Leadership responsibilities can include a lot of stress while also granting a lot of power. Such divergent pathways that link holding a leadership position with well-being may be mutually adversarial. Therefore, assessing the effect of leadership responsibilities on an individual’s health may ultimately involve evaluating the relative merits of the harmful and beneficial pathways. The increased job control that comes with holding a leadership position may improve one’s well-being, but the role’s heavy responsibilities may have the opposite impact on the individual.
The work of leadership requires the leader to achieve a balance between motivating and exceeding expectations on their performance. This is because everyone holds the leader up as an example to follow. Being a leader can be an exciting experience with many advantages, but it can also be physically and mentally taxing. As a leader, you are responsible for your team or company’s general success, inspiration, and drive. You receive constant criticism and are constantly in the spotlight.
Advantages of being a team leader:
Leaders often earn more money:
Candice Moses, founder of Information believes that “Team leaders frequently earn more money. The shift in remuneration may include a higher salary base, a switch from hourly pay to salary, bonus and incentive possibilities, and other perks, depending on your company’s definition of a team lead. The amount of money involved could have two effects. Positive outcomes from the appropriate team leader make the pay outlay worthwhile, whereas negative outcomes from an ineffective team leader make the salary expenditure an unjustified expense.”
Leaders are effective decision-makers:
Sam Willis, founder of Raincatcher claims that; “Leaders can manage and understand their team members, clients, or stakeholders. Leaders are excellent decision-makers who have a deep understanding of their workforce. Leaders make decisions quickly, easily comprehend risks and opportunities, and readily commit to achieving objectives. Effective decision-making is a crucial leadership talent that benefits the leader’s team, business, clients, and stakeholders.”
Leaders are well-versed in their respective departments:
Quality team leaders are frequently well-versed in their departments and at ease working with corporate tools like software. They are skilled at handling clients for the business, resolving conflicts, and completing tasks in a professional manner. In addition to directing their team toward success, effective team leaders also demonstrate to their team how to get there. Team leaders can teach their teammates how to attain and sustain quality by sharing their experiences. Businesses gain from increased production and higher quality as a result.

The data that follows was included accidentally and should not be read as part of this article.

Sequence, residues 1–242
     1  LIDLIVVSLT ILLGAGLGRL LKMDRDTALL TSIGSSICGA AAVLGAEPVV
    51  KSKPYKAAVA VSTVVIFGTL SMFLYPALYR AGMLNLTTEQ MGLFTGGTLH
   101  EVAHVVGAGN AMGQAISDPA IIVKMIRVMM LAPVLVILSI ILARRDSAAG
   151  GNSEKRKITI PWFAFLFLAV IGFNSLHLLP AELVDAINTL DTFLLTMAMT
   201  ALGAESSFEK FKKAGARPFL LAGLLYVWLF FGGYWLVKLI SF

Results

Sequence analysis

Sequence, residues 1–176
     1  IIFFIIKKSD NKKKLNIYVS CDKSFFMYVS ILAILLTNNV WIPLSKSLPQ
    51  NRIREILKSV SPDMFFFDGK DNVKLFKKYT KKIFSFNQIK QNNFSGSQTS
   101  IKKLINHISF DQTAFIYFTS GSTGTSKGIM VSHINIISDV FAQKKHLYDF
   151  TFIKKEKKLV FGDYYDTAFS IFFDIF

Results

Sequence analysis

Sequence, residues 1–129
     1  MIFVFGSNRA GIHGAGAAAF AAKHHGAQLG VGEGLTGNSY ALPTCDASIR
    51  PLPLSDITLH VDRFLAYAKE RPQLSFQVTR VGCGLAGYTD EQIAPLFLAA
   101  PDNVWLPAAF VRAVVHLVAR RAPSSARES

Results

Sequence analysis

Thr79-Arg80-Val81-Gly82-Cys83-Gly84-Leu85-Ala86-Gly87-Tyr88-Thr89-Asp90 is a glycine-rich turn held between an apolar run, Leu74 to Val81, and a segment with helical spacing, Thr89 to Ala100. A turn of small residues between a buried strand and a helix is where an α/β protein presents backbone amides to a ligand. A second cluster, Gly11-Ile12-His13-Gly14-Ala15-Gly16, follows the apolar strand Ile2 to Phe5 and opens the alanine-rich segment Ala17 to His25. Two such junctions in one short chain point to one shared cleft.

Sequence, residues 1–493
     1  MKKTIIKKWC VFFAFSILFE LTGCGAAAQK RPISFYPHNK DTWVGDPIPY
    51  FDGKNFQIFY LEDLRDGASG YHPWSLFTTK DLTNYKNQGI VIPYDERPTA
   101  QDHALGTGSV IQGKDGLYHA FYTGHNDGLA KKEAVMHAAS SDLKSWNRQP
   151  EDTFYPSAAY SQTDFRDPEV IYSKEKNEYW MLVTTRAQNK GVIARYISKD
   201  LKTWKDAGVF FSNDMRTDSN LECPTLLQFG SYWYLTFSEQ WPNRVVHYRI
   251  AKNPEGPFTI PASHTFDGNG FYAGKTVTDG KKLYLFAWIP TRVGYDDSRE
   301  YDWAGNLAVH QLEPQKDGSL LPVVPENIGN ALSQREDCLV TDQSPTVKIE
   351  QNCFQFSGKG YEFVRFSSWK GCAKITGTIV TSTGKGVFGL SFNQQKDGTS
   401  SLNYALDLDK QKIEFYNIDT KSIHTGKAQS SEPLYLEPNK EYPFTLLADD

Team leaders are Autonomous and Flexible:
Max Hauer, founder of Goflow claims; “The departmental teams that rely on rapid assistance and solutions are team leaders. These individuals appear to be the management team’s representatives, screening information, resolving problems, and, when appropriate, sending information for review. Team leaders frequently have greater autonomy and flexibility in their roles to succeed. The team leaders’ greater independence enables them to assist their teammates as soon as they require it.”
Disadvantages of being a team leader:
The hiring of new leaders might cause unrest:
Elena Jones, owner, and finance expert from Financejar believes; “The department may get uneasy when new team leaders are introduced, especially if they are a surprise to the group. The team may feel a variety of emotions, ranging from genuine unhappiness and tension to joy and relaxation, depending on the circumstance. Don’t risk the surprise announcement because it is evident that disgruntled employees are generally less productive. Introduce the new posts well in advance of the hiring of the actual staff. To hire leaders who are experienced and well-versed in the company’s internal processes and operations, think about creating team leader positions from the inside. While it might be difficult and time-consuming to locate qualified candidates for your team leader jobs, the rewards from exceptional placements can often be immeasurable.”
Being a leader might intervene with your work/life balance:
Being the team leader means that you are constantly considering what has to be done next and are responsible for handling after-hours situations. The days of working nine to five, when you could finish up at work and go home to your family, are long gone. The success or failure of a team, however, is disproportionately influenced by the team’s leader. An overbearing or disorganized boss can make things difficult or dysfunctional for the employees they manage. An organization’s entire team could become unsuccessful if the leadership is ineffective.
It’s possible to enjoy the hiring process. If you’re a new manager, you can pick your team for the first time, identify people with crucial talents, and hire for cultural fit inside the firm. All of this sounds fantastic, but hiring can be difficult. You may receive 100 applications and still be unable to find one with the qualifications you desire, forcing you to make a compromise. Even if you ask all the appropriate interview questions to find the ideal candidate for the job, a good talker might fool you and you might hire someone who isn’t a good fit.